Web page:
From the beginning of time, humans have been driven by both a fear of the unknown and a curiosity to know. We have always yearned to know what lies ahead, whether threat or safety, scarcity or abundance. Throughout human history, our forebears tried to create certainty in the unknown, by seeking to influence outcomes with sacrifices to gods, preparing for the unexpected with advice from oracles, and by reading the stars through astrology. As scientific methods improve and computer technology develops we become ever more confident of our capacity to predict and quantify the future by accumulating and interpreting patterns from the past, yet the truth is there is still no certainty to be had.
In this Very Short Introduction Jennifer Gidley considers some of our most burning questions: What is "the future?" Is the future a time yet to come? Or is it a utopian place? Does the future have a history? Is there only one future or are there many possible futures? She asks if the future can ever be truly predicted or if we create our own futures -both hoped for and feared - by our thoughts, feelings, and actions, and concludes by analyzing how we can learn to study the future.
ABOUT THE SERIES: The Very Short Introductions series from Oxford University Press contains hundreds of titles in almost every subject area. These pocket-sized books are the perfect way to get ahead in a new subject quickly. Our expert authors combine facts, analysis, perspective, new ideas, and enthusiasm to make interesting and challenging topics highly readable.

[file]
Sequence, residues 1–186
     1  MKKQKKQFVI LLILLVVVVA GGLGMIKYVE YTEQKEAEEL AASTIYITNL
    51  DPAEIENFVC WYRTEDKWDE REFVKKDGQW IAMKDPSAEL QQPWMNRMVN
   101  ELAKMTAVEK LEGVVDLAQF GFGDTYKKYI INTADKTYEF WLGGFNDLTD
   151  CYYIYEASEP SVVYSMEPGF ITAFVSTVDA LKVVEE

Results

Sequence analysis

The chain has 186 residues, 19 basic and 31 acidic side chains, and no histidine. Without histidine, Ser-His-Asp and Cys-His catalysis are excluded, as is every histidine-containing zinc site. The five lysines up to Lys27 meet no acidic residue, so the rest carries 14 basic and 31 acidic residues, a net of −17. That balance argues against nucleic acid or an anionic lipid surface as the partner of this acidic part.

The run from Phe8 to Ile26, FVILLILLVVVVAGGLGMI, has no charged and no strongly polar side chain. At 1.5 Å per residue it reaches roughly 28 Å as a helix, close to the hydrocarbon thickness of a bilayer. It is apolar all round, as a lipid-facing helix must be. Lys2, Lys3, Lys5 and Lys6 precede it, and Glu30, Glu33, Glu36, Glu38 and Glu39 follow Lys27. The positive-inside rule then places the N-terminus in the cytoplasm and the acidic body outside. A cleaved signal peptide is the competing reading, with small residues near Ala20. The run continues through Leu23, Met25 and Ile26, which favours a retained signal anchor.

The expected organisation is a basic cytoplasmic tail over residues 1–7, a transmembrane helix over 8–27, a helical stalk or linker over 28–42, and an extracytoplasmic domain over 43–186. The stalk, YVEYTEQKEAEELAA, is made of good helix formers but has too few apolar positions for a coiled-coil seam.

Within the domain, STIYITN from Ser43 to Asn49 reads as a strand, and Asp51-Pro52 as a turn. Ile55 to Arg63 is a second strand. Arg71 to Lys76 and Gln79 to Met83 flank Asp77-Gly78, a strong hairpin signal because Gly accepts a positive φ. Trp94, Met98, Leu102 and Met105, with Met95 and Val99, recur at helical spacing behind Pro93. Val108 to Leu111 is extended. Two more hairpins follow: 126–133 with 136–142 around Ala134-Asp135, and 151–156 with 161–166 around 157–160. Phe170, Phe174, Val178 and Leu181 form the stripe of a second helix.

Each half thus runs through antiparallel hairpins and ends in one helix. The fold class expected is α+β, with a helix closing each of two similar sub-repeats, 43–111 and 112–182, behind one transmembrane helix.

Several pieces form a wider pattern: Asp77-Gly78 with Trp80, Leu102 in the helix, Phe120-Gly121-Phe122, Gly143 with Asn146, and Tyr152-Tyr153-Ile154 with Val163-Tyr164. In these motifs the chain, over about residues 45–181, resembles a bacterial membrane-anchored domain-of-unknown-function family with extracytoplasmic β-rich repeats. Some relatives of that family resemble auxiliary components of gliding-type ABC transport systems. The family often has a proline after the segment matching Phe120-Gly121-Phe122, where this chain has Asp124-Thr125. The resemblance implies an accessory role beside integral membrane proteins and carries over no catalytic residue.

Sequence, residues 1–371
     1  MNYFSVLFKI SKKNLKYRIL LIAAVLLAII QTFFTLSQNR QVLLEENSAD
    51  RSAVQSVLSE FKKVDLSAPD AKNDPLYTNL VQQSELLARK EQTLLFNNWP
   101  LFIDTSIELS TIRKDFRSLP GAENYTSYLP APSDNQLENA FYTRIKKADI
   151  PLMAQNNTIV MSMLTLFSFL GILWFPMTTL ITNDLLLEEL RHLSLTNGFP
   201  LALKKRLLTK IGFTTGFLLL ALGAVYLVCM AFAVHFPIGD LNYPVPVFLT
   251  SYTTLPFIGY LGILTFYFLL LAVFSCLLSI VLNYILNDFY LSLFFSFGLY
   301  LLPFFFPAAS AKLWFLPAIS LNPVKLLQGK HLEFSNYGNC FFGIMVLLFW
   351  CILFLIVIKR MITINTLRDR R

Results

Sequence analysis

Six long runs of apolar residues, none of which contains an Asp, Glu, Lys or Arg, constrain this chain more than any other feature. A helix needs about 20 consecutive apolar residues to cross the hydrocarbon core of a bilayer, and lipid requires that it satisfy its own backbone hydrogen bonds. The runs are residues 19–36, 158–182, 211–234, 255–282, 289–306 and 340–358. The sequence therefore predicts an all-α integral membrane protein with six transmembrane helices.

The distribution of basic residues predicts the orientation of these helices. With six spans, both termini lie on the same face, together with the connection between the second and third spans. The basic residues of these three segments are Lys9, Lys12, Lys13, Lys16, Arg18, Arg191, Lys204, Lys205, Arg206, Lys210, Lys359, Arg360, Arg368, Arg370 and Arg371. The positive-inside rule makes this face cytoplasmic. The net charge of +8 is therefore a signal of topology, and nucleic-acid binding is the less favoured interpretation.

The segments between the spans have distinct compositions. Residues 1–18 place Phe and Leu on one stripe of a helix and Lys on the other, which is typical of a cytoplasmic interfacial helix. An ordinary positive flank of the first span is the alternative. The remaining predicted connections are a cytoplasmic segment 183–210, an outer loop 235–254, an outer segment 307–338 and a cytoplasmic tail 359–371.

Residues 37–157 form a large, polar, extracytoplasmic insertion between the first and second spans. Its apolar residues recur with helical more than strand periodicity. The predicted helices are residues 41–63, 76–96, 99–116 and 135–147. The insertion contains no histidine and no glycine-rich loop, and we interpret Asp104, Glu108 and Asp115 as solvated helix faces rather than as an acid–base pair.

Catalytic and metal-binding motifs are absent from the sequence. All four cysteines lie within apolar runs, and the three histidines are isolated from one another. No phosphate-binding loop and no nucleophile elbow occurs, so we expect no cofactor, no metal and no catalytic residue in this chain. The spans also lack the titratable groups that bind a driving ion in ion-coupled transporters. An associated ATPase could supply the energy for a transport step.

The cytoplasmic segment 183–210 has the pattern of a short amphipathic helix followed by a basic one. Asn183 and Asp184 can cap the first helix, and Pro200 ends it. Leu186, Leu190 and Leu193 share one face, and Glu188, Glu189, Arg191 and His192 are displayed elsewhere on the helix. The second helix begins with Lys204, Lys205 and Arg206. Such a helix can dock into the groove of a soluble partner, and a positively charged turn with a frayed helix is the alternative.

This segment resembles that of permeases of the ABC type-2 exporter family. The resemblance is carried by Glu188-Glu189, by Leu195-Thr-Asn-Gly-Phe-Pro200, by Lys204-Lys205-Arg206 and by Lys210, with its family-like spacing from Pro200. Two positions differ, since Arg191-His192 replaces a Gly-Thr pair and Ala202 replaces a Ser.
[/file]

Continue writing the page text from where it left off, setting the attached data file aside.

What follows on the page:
This pocket-size book ... gives the interested reader an amazing overview on the topic of future and the research field of futures studies ... The rich knowledge and the packed information of ideas, dates, and names is especially helpful for anyone working in the terrain of futures studies as well as students in the field to connect the dots of the many international strains, which often seem so disconnected. * Stefanie Ollenburg, beFORE *
[Gidley] deserves congratulations for helping a lay audience better understand [the future]. * Charles Brass, Compass *
We all should give Jennifer Gidley a standing ovation. This is an absolutely wonderful source, as a basic textbook about the field, and as a very good short introduction about the futureS for everyone. * Jim Dator, World Futures Review *
This is a remarkable book, a useful guide to the future, a revision guide to the future and a reminder of what future studies are all about ... a must read for everyone whether you are a trainee aspiring futurist or a fully qualified one with a PhD. * Ian Seymour Yeoman, Journal of Tourism Futures *
The book is a must read for erudites desiring to broaden their knowledge on the subject. For those considering applying futures thinking in their academic or corporate research, the book serves as a guide for further reading based on Jennifer Gidleys deep and thorough understanding of futures studies as a discipline. * Scenario Magazine *
Brilliant and concise This book not only raises the issues in a highly readable manner, but also raises awareness, and as such I can recommend it unreservedly. * David Lorimer, Network Review *
A wonderfully concise and brilliantly written book * Jade Taylor-Salazar, E&T Magazine *
A thoroughly researched and beautifully expressed invitation to look deeper at this fascinating field of enquiry * Richard Slaughter, Foresight International *
1: Three Thousand Years of Futures
2: The Future Multiplied
3: The Evolving Scholarship of Futures Studies
4: Crystal Balls, Flying Cars and Robots
5: Technotopian or Human-Centred Futures?
6: Grand Global Futures Challenges
Further Reading & websites
Appendix: Global Futures Timeline